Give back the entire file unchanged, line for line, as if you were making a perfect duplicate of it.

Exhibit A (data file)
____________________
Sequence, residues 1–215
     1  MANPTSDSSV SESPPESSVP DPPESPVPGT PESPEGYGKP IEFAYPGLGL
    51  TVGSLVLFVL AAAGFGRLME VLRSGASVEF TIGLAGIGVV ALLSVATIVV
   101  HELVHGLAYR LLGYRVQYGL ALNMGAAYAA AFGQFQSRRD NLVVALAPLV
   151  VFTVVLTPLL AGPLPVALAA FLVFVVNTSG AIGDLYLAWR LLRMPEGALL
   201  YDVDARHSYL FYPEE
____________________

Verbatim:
Sequence, residues 1–215
     1  MANPTSDSSV SESPPESSVP DPPESPVPGT PESPEGYGKP IEFAYPGLGL
    51  TVGSLVLFVL AAAGFGRLME VLRSGASVEF TIGLAGIGVV ALLSVATIVV
   101  HELVHGLAYR LLGYRVQYGL ALNMGAAYAA AFGQFQSRRD NLVVALAPLV
   151  VFTVVLTPLL AGPLPVALAA FLVFVVNTSG AIGDLYLAWR LLRMPEGALL
   201  YDVDARHSYL FYPEE